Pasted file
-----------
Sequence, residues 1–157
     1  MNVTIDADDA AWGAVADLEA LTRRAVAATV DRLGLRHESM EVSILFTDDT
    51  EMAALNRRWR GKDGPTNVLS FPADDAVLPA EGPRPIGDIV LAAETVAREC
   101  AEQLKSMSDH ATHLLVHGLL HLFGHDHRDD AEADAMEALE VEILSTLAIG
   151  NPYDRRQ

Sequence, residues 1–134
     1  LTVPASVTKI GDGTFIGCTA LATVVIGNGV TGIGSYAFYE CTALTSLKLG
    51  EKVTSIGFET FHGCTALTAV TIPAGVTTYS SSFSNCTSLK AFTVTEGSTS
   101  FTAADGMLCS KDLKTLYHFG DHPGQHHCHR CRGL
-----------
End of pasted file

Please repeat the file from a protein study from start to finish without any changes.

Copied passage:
Sequence, residues 1–157
     1  MNVTIDADDA AWGAVADLEA LTRRAVAATV DRLGLRHESM EVSILFTDDT
    51  EMAALNRRWR GKDGPTNVLS FPADDAVLPA EGPRPIGDIV LAAETVAREC
   101  AEQLKSMSDH ATHLLVHGLL HLFGHDHRDD AEADAMEALE VEILSTLAIG
   151  NPYDRRQ

Sequence, residues 1–134
     1  LTVPASVTKI GDGTFIGCTA LATVVIGNGV TGIGSYAFYE CTALTSLKLG
    51  EKVTSIGFET FHGCTALTAV TIPAGVTTYS SSFSNCTSLK AFTVTEGSTS
   101  FTAADGMLCS KDLKTLYHFG DHPGQHHCHR CRGL